When music media sophomore Miguel Martin tries to sleep, he ends up laying in bed for an hour each time.

Eventually, Martin gets frustrated enough to get on his phone and watch YouTube until he’s exhausted enough to sleep, and that’s how he ends his days.

With the sudden changes ushered in by the COVID-19 outbreak, it can be easy for someone who isn’t completely set in their ways to fall into worse sleep habits, and Martin is only one of many.

Dr. Cindy Manzano, Counseling and Psychological Services counseler and outreach coordinator, said that students have been used to being externally motivated through class or work to wake up and have since been disrupted.

“Now, students are needing to be more internally motivated, with more accountability shifting to themselves,” Manzano said in an email. “This can lead to shifts in difficulties keeping a regular routine and schedule that they’re used to, including their sleep schedule.”

The isolation can lead to both sleeplessness and loneliness and can even mix the two, as Martin has learned.

“I really miss all my friends, you know? It's hard not getting to see them all the time,” Martin said. “I guess I kind of take for granted how often I can see everyone.”

The self-isolation is getting to him, Martin said, and even though he does have roommates, he’s only really friends with one of them.

“I can get in my head pretty bad, so I'll start to overthink things about a girl I'm talking to or how my friends think of me,” Martin said. “And then I kind of get upset, and then I just have to calm down, you know? So I think being trapped here, that kind of stuff’s getting worse.”

It’s overthinking things like that that becomes a hurdle for Martin to jump if he wants to go to sleep, and many times he falls short, he said. However, lately chamomile tea and prayer has helped him sleep easier, Martin said.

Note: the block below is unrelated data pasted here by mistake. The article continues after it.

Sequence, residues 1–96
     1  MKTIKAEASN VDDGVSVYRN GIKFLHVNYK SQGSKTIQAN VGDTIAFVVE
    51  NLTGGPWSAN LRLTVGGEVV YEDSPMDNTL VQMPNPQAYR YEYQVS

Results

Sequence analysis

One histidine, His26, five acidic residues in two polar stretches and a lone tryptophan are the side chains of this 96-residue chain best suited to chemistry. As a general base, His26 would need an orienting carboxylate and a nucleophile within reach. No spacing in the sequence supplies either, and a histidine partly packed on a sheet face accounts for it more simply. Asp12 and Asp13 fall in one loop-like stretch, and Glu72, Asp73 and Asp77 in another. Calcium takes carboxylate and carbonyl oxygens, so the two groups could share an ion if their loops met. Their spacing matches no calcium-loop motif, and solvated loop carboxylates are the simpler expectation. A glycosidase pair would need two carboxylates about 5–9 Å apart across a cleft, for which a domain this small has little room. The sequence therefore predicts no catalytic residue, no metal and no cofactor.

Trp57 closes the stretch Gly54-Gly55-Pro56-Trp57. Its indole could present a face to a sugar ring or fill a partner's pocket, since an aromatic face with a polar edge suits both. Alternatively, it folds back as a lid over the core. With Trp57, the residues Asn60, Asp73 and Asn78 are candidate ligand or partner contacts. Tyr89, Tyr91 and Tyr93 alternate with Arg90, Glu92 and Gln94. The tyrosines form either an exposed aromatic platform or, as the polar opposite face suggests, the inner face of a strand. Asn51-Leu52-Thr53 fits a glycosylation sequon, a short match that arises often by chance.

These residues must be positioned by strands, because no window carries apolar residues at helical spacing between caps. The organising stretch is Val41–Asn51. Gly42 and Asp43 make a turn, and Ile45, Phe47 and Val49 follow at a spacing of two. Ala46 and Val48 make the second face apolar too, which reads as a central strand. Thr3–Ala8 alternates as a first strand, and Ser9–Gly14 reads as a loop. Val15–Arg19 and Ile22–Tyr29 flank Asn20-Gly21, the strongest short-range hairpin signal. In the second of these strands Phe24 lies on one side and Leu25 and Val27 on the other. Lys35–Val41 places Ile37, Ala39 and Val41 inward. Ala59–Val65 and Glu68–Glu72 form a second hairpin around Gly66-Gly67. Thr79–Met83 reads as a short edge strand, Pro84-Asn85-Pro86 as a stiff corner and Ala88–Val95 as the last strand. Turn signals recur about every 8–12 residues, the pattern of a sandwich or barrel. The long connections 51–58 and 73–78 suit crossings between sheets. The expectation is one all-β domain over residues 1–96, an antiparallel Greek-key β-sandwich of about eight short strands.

Having a regular nighttime routine is important for sleep consistency, Manzano said.The routine should start 1-2 hours before bedtime, and having a regular wake-up time is important, too, she said.

Another student who has fallen into bad sleeping habits since quarantine is audio production sophomore Justin Sheller.

Sheller was never a morning person even before quarantine, he said, but now he’s a morning person in a different sense: he stays up to see the sunrise every day before sleeping until night.

“Last night I went to bed at, like, 7 a.m. probably. Like a few nights ago I went to bed at 9 a.m.,” Sheller said. “It just got worse and worse each night.”

Sheller works at a Chinese restaurant during the day, and he’s part of the subpopulation of people still physically going in to work. His sleep schedule hasn’t affected his work yet because he really only takes calls and packages food, he said, and on top of that, barely anyone comes in.

Sheller said it’s his plan to fix his sleep schedule eventually, but he probably won’t.

Unlike Sheller and Martin, Rishikesh Joshi, computer science graduate student, was a morning person before COVID-19 and slept for the standard 7-8 hours every night.

“Since the quarantine, I'm not sure what went wrong,” Joshi said in an email. “I've been staying up all night and sleeping during the day. I'm spending my evenings lazing around and being completely unproductive. I'm going to bed at 5 a.m and waking up really late in the day.”

Joshi said he thinks his disturbed sleep might be a result of not completely burning out during the daytime because of an absence of walking to class or working out in the MAC, and now he’s afraid to even go out for a run.

“My second guess would be, I'm not changing my environment,” Joshi said. “Before the quarantine, I used to go study at the Central Library, mostly on the quiet floors, or go to the Commons for studying. A change always motivated me to study better.”

Joshi said he’s already working toward getting his schedule back to normal because he knows if he doesn’t, this will start to affect his mental health.

“I hope all of us get out of this and stay sane,” Joshi said.



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